By 5.40am we were waiting at the start, the atmosphere starting to build as more runners arrived (atmosphere then ruined by the DJs decision to play one of the worst Black Eyed Peas songs, no mean feat considering how awful all their songs are). The obligatory AC/DC, headlamps on, the countdown, and we're off. For about a minute. Round the lighthouse, across the car park, then 2100 people all tried to get up the same piece of metre wide trail at once and everything grinds to a halt. I knew this would happen, and there was no point getting annoyed about it. Just go with the flow, try not to fall over or get impaled by someone's poles, enjoy the support from the locals, and eventually things will open up.
There wasn't much running over this first section, but eventually I hit a dirt road where I could actually run for more than 10 seconds at a time. Shortly after it was back to more deep sand and switchbacks, before finally reaching the top of the hill just outside the town of Los Canarios, about 7km in, where the first aid station was located. For some reason I thought it would be a good idea to power up the hill into town like I was racing at Zegama or something, whilst others made the strange decision (in my eyes) to casually amble through the town on what is really the most runnable section of the course, only to immediately resume running the moment they were back on steep, unstable volcanic sand.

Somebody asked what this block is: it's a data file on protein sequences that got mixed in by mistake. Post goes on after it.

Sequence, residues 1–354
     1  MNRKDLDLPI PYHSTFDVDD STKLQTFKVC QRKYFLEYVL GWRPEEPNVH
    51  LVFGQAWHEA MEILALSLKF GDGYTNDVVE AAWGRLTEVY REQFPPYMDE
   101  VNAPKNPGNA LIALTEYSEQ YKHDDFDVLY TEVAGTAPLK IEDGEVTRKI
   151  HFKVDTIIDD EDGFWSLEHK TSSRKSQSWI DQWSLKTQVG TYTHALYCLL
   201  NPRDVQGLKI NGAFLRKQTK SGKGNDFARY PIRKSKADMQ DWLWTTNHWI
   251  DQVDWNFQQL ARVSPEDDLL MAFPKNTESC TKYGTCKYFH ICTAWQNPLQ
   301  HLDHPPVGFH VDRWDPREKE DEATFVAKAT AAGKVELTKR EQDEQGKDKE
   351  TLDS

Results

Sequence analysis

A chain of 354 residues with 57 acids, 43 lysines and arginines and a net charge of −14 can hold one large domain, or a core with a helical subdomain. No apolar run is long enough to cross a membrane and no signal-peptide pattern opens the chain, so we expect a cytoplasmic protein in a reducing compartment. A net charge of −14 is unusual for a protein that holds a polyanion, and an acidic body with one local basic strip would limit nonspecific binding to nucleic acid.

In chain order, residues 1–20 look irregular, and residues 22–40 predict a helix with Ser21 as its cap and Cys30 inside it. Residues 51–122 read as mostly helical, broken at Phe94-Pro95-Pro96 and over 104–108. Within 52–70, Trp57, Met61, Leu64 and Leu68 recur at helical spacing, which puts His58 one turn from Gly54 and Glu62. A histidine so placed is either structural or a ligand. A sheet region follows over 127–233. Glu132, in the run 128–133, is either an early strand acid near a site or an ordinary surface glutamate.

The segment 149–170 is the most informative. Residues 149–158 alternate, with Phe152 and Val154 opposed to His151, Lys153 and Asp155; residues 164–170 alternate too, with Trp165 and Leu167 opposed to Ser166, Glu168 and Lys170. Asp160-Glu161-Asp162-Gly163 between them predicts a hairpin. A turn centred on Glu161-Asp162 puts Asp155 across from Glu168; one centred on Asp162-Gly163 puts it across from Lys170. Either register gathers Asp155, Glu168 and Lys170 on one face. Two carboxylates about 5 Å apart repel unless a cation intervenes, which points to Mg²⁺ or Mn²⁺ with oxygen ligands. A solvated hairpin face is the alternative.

The next section of the race had more runnable sections as the sandy trail wound its way through pine trees, slowly gaining height, before eventually bringing us out onto a fantastic balcony-esque track where the still snow-capped mass of El Teide, Tenerife loomed on the horizon. Another aid station and a short ascent before we started dropping down towards the first major checkpoint of the day at El Pilar. The 500m of descent was really welcome at this stage as my hamstrings had started to cramp from the constant climbing, and I was really in need of some sustained running. I bombed down a big sandy slope accumulating half a volcano's worth of sand in my shoes in the process, and then it was a longish (~5km) semi-technical descent through the forest before finally appearing at the recreation area of El Pilar where there were crowds of people to spur on the ultra competitors and congratulate the half marathon runners whose race would finish here.
I was about 30 mins behind my anticipated schedule, but my timing chart for the day suggested I could be out for a whole 2 hours more than I thought. Oh well, it takes as long as it takes. I refilled my bottles and grabbed a meagre piece of watermelon (a piece of bad timing on my part as a fresh one was in the process of being carved up) and headed out towards the trail. The next few minutes involved me fumbling around on the floor attempting to empty my shoes of the sand which had shrunk them by a full size whilst simultaneously trying to avoid my hamstrings and adductors cramping up. This was not successful.